After Rome Statute reversal, minister says on mission to counter misinformation from Putrajaya’s critics including ‘profesor kangkung’.
Wisma Putra will take a more proactive role in explaining the government’s international policies after Putrajaya was forced to abandon ratifying the Rome Statute, said Foreign Minister Datuk Saifuddin Abdullah.
In a joint press interview yesterday ahead of Pakatan Harapan’s first anniversary in power, he said he learned lessons from the debacle over the Rome Statute of the International Criminal Court (ICC) and said efforts to mislead Malaysians must be exposed.
“We must be more careful with our communications. We must also call their bluff, as we are doing now with the ICC issue.
“I am going on TV and exposing the lies — there are lies. We will expose them all, including the profesor kangkung (sham professors),” he said.
Prime Minister Tun Dr Mahathir Mohamad announced earlier this month that Malaysia was reversing its previously stated intention to ratify the Rome Statute due to political deception that confused the public.
Saifuddin noted that the decision also came in the wake of another reversal on the International Convention on the Elimination of All Forms of Racial Discrimination (ICERD).
However, he said the situation was different with the Rome Statute as the government could in the future introduce its benefits to Malaysia independently of the global treaty.
“We learned from the ICERD and ICC experiences, in that we must coordinate these issues better in the future.
“We are dealing with people who twist facts. They did not tell the real story behind ICERD and ICC. The manipulation of facts caused confusion and it was also meant to scare the public.
“You’ve noticed, I’ve gone on two TV stations to call the bluff (on false claims), including by ‘kangkung professors’,” Saifuddin said
‘Kangkung professors’ is a term used to describe academics of a low standard.
Kangkung or water spinach is a vegetable that is sometimes maligned as a green that grows in drains.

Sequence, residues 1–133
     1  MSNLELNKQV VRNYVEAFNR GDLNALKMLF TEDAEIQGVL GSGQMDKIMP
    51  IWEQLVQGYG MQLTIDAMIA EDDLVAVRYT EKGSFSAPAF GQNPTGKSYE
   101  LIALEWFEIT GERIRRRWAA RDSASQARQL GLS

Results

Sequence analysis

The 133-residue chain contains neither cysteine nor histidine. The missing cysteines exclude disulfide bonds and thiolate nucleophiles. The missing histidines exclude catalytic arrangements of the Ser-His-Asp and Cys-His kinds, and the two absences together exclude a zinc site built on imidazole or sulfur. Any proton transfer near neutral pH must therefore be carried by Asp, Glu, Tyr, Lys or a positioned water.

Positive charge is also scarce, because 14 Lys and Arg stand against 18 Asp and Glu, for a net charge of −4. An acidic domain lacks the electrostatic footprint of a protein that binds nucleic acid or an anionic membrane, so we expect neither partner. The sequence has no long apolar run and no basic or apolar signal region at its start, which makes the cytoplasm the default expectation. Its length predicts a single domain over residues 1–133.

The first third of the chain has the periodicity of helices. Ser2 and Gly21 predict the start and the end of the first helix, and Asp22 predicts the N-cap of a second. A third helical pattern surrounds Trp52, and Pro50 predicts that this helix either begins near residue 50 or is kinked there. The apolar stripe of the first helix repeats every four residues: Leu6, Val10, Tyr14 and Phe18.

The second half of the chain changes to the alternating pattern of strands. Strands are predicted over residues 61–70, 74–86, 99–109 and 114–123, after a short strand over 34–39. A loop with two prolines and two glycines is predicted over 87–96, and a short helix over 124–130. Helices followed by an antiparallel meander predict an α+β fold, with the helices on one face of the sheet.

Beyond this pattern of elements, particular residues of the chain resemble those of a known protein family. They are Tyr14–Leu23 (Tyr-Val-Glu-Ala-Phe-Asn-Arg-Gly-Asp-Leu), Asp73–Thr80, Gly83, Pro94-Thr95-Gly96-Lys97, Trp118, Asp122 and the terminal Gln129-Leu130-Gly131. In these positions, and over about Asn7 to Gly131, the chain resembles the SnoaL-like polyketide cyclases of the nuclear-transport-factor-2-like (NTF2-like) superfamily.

Four academics have been partly blamed for allegedly misleading the Conference of Rulers on the Rome Statute with a biased paper on the treaty.
This allegedly fanned concerns voiced by critics of the Rome Statute, including Johor Crown Prince Tunku Ismail Sultan Ibrahim, who claimed that the treaty undermined Malaysia’s sovereignty and the royal institution.
This is despite Saifuddin’s ministry stressing that the position of monarchs would not be undermined by the statute.
However, Saifuddin acknowledged that it was “the end of the road” for efforts to ratify the International Convention on the Elimination of All Forms of Racial Discrimination (ICERD).
In November, Putrajaya said it would not ratify ICERD amid opposition from Malay groups and political parties who warned that it was a threat to Malaysia’s affirmative action policy.
Earlier this month, the government announced its withdrawal from ratifying the Rome Statute which sets up the International Criminal Court (ICC), after heavy criticism from the Johor palace, among others, and a petition to the Malay rulers.
The Rome Statute outlaws four international crimes: genocide, war crimes, crimes of aggression, and crimes against humanity, among which are slavery, enforced disappearances, torture, apartheid, and other offences.
Saifuddin also voiced exasperation with those who demanded that treaties be submitted to Parliament.
He said more than 100 treaties had been signed and ratified without being brought to Parliament, except for the Trans-Pacific Partnership Agreement for which legislative approval was required.
Acknowledging that Pakatan Harapan had pledged to be more consultative, he said he had called for a parliamentary select committee to be set up on foreign policy.
However, he said there were those who were confused about the separation of power in administrative decision-making, adding that bringing the treaties to Parliament would create a new precedent.
“We can’t have a situation where every time the Cabinet needs to make a decision, we need to bring it to Parliament.
“That is why when people ask me about referring the ICC to the Yang di-Pertuan Agong and the Malay rulers, I keep saying that according to the constitution, there are times and issues where we must not only refer and get the consent of the rulers – but the ICC is not one of those issues.”
Moving forward, Saifuddin said Putrajaya is studying the United Nations Convention against Torture (Uncat).
He said this treaty was less sensitive and controversial than Icerd and the Rome Statute, but Putrajaya will discuss the matter thoroughly before ratifying it.